The long-awaited Taylor review of modern employment practices has called for greater clarity over employment status to distinguish those who are genuinely self employed from those whose employers are using self employment to avoid employment rights.
The review also calls for employment rights to be extended to all workers, including the self employment, and for a consistent taxation policy across employment forms.
It puts an emphasis on ensuring all work is fair and decent with realistic scope for development and fulfilment, but it says that quality work depends on what people want from work. It states that people are driven by different motivations at different points in their career and so “what represents quality to them now may not represent quality ten years later”.
It also states that pay is not the only determinant of quality work. Other factors could include work life balance and personal development. It adds that people are most likely to enjoy what they do when they have “a meaningful say” at work.
Meanwhile, another report by the centre-right think tank Reform says Government services to help unemployed people find jobs are not keeping pace with changes in the way people work and calls for Job Centres to do more to promote gig economy jobs.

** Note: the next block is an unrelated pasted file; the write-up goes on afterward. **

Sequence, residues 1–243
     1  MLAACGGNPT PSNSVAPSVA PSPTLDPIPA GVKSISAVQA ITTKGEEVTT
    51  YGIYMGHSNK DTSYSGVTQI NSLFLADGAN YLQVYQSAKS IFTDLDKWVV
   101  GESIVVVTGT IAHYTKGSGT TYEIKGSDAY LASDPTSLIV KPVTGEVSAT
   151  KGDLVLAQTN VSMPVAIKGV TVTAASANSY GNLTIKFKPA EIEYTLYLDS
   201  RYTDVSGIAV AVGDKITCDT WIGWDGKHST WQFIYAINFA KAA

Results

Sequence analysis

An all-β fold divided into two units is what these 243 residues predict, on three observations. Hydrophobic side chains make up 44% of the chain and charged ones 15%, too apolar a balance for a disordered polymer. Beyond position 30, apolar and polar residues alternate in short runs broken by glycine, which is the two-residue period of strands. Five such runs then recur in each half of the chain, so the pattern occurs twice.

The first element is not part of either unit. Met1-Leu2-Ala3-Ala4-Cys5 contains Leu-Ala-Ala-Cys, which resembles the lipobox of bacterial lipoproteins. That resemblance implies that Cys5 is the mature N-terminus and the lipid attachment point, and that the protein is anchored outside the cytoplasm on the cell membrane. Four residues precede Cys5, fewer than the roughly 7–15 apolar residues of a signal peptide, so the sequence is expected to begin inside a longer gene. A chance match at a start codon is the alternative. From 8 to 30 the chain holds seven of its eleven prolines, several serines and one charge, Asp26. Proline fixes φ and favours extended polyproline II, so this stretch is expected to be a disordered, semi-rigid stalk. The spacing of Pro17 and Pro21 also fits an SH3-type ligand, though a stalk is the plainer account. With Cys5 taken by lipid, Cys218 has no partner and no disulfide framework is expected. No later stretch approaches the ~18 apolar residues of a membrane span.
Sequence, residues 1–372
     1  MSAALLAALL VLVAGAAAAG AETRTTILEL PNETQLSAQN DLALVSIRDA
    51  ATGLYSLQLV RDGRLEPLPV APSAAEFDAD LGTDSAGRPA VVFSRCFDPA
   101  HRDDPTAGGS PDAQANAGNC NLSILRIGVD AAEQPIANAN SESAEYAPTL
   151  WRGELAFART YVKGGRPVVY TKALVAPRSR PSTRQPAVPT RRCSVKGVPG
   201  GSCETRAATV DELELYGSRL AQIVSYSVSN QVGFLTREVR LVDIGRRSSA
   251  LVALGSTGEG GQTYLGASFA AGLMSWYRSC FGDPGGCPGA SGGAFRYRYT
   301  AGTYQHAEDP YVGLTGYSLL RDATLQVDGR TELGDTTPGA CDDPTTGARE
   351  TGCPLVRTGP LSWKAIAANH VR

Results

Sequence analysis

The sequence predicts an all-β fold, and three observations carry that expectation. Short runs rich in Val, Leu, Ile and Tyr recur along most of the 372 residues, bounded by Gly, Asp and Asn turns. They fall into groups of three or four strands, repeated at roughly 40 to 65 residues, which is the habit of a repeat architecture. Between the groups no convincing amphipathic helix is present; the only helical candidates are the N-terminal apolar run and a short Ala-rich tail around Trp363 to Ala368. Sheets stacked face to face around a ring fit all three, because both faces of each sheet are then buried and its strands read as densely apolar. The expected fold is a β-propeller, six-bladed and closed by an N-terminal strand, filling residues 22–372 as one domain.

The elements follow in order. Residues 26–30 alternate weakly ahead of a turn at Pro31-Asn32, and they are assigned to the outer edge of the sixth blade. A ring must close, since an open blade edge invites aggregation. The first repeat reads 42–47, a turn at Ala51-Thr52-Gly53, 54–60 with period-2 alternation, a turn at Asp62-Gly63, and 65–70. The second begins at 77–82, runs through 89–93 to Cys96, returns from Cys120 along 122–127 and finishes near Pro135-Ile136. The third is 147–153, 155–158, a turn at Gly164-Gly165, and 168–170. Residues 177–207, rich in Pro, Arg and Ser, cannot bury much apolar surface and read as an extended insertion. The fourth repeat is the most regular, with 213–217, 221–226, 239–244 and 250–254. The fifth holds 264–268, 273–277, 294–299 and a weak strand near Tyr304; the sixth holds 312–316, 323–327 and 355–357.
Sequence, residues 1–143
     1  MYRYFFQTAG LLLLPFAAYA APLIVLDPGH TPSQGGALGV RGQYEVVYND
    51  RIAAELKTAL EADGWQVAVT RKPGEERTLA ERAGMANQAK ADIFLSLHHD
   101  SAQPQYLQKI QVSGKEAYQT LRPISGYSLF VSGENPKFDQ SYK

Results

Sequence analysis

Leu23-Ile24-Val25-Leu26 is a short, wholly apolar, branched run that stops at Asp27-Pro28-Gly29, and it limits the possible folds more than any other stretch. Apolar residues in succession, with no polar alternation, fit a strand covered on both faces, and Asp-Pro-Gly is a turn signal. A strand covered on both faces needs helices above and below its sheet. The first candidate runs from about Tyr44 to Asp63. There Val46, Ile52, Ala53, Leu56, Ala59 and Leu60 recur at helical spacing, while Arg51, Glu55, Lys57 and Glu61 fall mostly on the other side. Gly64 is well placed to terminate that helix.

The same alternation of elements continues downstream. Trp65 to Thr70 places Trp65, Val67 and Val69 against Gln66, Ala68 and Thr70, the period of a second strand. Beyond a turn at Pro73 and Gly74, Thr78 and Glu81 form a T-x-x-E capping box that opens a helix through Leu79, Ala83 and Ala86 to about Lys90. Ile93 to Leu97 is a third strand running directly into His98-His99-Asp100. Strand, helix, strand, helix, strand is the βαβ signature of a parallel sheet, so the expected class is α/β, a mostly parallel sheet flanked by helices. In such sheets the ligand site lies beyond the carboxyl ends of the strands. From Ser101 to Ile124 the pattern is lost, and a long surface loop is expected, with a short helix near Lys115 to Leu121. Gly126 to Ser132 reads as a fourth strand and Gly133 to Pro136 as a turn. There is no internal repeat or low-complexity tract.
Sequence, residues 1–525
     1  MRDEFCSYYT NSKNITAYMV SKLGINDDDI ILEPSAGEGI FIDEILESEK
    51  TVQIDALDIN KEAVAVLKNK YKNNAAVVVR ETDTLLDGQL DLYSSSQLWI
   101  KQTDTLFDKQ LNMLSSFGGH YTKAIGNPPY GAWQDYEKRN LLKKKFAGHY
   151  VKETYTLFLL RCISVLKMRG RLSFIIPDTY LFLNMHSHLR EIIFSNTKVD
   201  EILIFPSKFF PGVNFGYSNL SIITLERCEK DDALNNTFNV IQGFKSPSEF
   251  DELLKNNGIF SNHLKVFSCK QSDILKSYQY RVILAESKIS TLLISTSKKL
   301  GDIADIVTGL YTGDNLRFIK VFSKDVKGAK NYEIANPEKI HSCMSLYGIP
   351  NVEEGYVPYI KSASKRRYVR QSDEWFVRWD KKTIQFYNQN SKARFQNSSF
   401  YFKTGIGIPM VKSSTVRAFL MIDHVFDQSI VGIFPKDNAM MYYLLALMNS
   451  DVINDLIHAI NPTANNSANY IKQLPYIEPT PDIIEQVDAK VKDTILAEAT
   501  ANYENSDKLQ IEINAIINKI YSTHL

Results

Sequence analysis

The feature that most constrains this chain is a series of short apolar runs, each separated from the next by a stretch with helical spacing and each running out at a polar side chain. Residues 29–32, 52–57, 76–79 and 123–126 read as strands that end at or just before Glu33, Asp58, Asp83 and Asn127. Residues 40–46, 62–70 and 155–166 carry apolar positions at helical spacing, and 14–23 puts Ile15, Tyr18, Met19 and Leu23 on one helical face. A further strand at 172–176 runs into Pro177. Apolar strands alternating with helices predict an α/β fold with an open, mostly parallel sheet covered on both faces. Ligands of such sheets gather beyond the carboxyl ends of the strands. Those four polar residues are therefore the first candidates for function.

The Reform report says rigid work patterns prevent many disadvantaged jobseekers, such as older or disabled people and women, from finding jobs. It says older and disabled people are three times less likely to succeed through the Government’s main welfare-to-work programme. The study says there are some four million unemployed people who could benefit from more flexible employment support.
The Reform study calls for incentives to support such jobseekers into flexible work and argues that the replacement of the Work Programme later this Parliament is opportunity to test these new ideas.
The Government has announced a much greater role for Jobcentre Plus in welfare-to-work services. Reform recommends that Jobcentre Work Coaches be trained to help their clients find gigwork, including training about different platforms.
The report also calls for the Government’s online jobs board, Universal Jobmatch, to be redesigned so jobseekers can use it to find gig work. At present, it says, there is only a brief description of a small number of platforms on the website.
Ben Dobson, Researcher at Reform, said: “The current debate around the gig economy is too negative. Whilst there are teething problems for the Government to address, it is equally important that they harness the opportunity it presents for people who can only work flexibly. This is crucial for the wellbeing of millions of jobseekers.”